As more and more physicians continue to join the national concierge medicine movement, they must confront the question “Do I want to implement a hybrid concierge program or go “all in” with a full concierge practice?”
This is a decision that cannot be made lightly as there are considerations with each as well as advantages and disadvantages – depending on their practice’s challenges and the physician’s objectives. So let’s take a look at both.
Hybrid Concierge Program
A hybrid concierge program is one where a physician keeps their entire patient panel but enrolls a small subset of the panel in to their concierge program. Typically it’s only 5 – 10% of their entire panel. Patients who enroll in the program pay an annual membership fee in return for an enhanced level of care and services.
With a hybrid program, there is no patient abandonment and the practice maintains all insurance and ancillary revenue.
A hybrid program is generally advantageous for physicians who may not have enough patients with the right demographics to consider a full program and physicians who; are interested in testing concierge medicine, do not want to lose any patients and or are mainly interested in generating incremental revenue. Hybrids also work well for sub-specialists. When done correctly, a hybrid program should yield $65k – $200k per year in incremental revenue.
What are the downsides to a hybrid program?
Because patients are given a choice in their care, between traditional and concierge, fewer patients will enroll in the program. Providing different levels of care and service also means you and your staff will have to be adaptable to the different needs of the two groups. There will be operational issues as well, such as scheduling, which will have to be sorted out and monitored.
A hybrid program generally does not free up any time, or increase your work/life balance, given you are keeping 100% of your panel. It also does not typically provide any relief with your operating expenses.
Full Concierge Program
As the name implies, a full concierge medicine practice is one where patients who want to continue under the care of the physician must enroll in their program. Thus, it is a membership-only practice model.
Primary care physicians will generally maintain about 20% of their patient panel – although this may vary based on a variety of factors including the panel size. Patients who enroll in the program pay an annual membership fee in return for an enhanced level of care and services.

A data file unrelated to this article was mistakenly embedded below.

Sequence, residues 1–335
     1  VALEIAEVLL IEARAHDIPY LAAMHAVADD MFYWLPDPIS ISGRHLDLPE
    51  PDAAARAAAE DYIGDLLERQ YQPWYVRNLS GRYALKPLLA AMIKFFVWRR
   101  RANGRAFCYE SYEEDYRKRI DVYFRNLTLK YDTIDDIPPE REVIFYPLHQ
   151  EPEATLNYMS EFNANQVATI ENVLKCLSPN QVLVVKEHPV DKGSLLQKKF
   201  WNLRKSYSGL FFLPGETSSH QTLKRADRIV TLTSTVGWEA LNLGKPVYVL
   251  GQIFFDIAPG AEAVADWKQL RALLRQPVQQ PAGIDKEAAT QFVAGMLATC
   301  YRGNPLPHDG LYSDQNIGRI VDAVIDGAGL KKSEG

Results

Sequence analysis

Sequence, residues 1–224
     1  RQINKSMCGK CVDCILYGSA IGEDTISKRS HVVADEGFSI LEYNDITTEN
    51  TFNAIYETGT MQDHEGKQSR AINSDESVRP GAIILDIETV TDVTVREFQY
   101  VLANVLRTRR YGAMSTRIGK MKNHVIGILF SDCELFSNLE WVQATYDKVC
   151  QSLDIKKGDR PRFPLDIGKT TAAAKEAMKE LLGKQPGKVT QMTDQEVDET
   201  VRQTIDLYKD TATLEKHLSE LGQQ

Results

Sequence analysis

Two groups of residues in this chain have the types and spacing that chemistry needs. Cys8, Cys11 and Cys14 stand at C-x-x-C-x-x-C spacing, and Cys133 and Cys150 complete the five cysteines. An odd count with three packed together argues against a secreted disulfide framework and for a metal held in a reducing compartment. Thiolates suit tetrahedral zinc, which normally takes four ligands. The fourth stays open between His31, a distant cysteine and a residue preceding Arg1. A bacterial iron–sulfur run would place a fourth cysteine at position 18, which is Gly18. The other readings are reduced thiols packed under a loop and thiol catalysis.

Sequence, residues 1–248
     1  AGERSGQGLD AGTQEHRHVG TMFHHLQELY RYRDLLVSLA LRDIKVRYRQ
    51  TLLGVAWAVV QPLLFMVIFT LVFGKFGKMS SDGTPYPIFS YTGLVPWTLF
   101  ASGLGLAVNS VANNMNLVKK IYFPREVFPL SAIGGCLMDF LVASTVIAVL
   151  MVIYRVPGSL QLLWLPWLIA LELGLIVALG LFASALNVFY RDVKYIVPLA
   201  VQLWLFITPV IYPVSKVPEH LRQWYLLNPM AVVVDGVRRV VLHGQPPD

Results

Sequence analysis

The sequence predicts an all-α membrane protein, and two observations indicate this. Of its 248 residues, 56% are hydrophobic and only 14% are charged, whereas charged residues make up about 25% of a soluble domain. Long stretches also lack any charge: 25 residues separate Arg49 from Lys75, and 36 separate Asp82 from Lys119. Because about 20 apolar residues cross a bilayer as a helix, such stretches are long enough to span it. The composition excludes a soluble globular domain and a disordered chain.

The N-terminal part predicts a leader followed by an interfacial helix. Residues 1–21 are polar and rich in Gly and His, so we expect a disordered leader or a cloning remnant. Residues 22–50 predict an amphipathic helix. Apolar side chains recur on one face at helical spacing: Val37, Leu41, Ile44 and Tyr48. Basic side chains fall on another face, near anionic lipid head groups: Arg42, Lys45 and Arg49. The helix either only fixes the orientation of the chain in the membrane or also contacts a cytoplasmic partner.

A full concierge program works well in a variety of circumstances including for physicians who; are fed-up with the health system, want to spend more quality time with patients and improve outcomes, want to be less dependent on third party payers, would like to increase their personal income, need to secure the sustainability of their practice, are winding down their careers but aren’t yet ready to retire, those that are burnt out and would like to bring balance between their professional and personal life, and those that would like to scale back their practice operations.
When done correctly, a full concierge practice can yield up to $750k per year in membership revenue. Insurance and ancillary revenue is above and beyond the membership revenue.
What are the downsides to a full concierge practice?
In order to have the time needed for their concierge patients, the majority of their panel will have to leave the practice.
Also, when converting a practice to a full concierge model, there is only one chance (and one chance only) to get it right. There are no make-goods, do-overs, mulligans, second chances, etc. This makes it imperative to use professional help from subject matter experts to do it right.
With this information you should now make a list of all of your challenges and beside that, a separate list of your objectives. Upon review and reflection of the two lists; you should be better informed to make the right decision for your practice.